Conditions that affect the discharge voltage
The discharge voltage changes drastically with various conditions.
The three factors with particularly large impact are the spark plug gap, the compression pressure, and the air-fuel mixture temperature.
Spark plug gap
The discharge voltage rises in proportion to the spark plug gap.
The spark plug gap widens bit by bit as the electrode wears, so high discharge voltage becomes necessary and misfire occurs more easily.
Even for the same spark plug gap, if there are edges on the electrode, discharge occurs more easily.
Older spark plugs have electrodes that have rounded, so discharge becomes more difficult and misfire more likely.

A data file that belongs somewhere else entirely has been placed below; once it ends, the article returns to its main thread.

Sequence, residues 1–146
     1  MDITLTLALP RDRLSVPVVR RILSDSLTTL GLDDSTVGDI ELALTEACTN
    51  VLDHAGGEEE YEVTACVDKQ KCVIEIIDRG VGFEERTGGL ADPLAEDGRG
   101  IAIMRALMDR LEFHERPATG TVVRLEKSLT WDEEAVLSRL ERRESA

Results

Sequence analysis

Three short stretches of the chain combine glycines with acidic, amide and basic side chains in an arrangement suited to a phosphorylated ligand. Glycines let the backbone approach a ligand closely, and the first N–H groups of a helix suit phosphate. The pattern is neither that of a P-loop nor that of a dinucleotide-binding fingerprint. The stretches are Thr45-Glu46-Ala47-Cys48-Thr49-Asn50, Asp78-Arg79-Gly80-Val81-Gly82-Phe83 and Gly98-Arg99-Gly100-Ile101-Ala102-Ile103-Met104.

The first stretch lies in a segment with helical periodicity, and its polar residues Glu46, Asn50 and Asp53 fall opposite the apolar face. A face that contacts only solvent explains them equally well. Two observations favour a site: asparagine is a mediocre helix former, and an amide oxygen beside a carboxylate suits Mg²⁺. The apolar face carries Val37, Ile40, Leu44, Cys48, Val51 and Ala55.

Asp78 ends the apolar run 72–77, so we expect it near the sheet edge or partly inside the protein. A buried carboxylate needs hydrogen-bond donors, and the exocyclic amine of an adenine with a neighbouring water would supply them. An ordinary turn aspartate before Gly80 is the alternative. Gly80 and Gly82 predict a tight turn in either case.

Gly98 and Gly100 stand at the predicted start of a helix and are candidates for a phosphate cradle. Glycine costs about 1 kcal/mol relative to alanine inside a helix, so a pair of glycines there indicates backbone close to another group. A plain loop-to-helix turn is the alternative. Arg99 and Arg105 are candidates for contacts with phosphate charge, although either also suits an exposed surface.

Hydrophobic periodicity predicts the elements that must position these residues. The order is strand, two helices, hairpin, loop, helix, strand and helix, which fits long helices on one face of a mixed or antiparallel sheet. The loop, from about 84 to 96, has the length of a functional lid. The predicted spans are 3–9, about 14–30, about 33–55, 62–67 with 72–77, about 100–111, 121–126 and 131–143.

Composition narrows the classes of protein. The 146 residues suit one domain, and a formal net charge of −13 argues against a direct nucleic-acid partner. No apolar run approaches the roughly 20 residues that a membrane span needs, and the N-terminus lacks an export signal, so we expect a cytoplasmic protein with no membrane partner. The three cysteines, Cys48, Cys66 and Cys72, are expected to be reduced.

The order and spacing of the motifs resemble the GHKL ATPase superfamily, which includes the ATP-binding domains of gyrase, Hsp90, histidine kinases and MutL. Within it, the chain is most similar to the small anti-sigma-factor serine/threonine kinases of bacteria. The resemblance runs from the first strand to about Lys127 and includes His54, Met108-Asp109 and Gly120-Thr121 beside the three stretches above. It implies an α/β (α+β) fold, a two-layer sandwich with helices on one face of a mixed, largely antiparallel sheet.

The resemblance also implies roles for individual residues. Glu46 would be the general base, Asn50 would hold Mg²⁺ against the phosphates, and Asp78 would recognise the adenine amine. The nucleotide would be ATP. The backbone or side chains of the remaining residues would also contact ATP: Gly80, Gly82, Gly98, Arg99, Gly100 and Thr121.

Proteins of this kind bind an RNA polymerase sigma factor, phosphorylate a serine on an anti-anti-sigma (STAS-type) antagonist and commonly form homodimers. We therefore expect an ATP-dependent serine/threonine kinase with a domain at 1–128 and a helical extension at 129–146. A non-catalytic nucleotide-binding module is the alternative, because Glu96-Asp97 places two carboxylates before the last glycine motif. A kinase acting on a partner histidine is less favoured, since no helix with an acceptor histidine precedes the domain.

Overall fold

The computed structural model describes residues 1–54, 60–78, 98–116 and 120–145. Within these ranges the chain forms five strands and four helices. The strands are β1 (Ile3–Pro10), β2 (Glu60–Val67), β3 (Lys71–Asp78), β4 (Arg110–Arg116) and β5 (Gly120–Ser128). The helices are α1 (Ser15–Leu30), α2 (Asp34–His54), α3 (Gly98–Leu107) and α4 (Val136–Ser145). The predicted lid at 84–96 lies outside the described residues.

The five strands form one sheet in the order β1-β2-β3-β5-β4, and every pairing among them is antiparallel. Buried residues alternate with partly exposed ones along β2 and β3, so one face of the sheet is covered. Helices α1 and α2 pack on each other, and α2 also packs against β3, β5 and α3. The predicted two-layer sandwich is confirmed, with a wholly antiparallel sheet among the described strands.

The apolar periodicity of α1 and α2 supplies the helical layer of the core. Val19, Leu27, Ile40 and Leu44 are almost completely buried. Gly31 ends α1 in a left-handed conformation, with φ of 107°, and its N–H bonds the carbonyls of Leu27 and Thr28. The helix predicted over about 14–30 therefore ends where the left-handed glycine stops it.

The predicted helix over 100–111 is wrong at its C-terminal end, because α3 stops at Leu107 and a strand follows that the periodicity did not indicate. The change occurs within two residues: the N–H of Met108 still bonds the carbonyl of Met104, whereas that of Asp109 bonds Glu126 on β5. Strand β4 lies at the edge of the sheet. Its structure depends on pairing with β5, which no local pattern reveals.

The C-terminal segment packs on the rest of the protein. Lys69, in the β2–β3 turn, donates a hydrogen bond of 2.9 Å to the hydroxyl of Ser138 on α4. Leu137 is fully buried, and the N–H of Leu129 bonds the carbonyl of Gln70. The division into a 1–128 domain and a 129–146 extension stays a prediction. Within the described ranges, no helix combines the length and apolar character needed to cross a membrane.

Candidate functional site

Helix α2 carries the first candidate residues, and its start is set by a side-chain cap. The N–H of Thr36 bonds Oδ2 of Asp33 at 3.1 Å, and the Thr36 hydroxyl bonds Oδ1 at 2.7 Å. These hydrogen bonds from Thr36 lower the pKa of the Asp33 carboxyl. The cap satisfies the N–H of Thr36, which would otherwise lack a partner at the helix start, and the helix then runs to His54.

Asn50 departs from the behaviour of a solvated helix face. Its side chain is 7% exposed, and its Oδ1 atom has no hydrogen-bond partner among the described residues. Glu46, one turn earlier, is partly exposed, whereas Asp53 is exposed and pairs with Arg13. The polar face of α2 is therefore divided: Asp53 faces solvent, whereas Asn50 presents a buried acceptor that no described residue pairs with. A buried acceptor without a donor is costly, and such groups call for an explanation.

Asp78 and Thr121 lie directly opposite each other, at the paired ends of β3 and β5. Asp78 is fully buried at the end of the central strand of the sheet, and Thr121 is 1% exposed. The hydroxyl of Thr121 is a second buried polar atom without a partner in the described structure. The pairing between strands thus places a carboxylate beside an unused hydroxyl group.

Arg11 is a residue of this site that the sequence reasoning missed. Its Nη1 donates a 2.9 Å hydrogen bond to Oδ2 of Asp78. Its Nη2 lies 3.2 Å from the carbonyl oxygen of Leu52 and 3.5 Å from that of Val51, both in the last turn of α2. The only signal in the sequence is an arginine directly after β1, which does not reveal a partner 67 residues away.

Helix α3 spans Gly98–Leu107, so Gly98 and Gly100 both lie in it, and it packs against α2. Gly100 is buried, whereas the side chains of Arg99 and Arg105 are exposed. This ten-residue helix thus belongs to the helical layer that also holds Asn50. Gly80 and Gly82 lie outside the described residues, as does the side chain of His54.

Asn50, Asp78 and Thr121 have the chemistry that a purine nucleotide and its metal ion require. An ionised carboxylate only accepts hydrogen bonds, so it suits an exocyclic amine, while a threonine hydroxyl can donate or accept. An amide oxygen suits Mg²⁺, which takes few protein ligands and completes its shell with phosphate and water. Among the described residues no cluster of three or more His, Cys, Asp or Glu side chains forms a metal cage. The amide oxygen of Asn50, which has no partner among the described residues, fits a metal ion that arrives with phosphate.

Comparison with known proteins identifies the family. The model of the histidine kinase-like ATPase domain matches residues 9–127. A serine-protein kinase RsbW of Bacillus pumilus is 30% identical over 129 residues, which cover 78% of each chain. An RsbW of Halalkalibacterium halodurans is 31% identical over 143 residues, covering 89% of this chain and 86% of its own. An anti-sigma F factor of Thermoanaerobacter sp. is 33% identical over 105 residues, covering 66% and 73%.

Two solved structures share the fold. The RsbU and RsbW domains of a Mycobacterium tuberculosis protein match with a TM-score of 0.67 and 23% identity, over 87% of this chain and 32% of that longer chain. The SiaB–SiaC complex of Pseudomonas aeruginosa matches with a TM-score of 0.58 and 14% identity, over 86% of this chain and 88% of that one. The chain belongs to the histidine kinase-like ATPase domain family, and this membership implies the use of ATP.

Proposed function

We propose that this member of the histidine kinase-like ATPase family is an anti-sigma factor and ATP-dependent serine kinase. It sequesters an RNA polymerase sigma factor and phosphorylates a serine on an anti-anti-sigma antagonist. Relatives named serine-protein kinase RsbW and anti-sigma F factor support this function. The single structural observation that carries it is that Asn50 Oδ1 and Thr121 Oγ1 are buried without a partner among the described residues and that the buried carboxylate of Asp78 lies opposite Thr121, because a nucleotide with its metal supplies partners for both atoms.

The discharge voltage rises in proportion to the compression pressure.
The compression pressure is higher for low speed and high load. Sudden acceleration for starting out fits these conditions, so higher voltage is required then and misfire occurs more easily.
Air-Fuel mixture temperature
The discharge voltage drops as the air-fuel mixture temperature rises.
The lower the engine temperature, the higher the required voltage, so misfire occurs more easily at low temperature.
The discharge voltage drops as the electrode temperature rises.
The electrode temperature rises in proportion to the engine speed, so misfire occurs more easily at low speed.
There is a tendency for the discharge voltage to be higher the leaner the air-fuel mixture (the larger the air-fuel ratio).
If the air-fuel mixture becomes leaner due to fuel system trouble misfire occurs more easily.
As the humidity rises, the electrode temperature decreases, so the discharge voltage becomes slightly higher.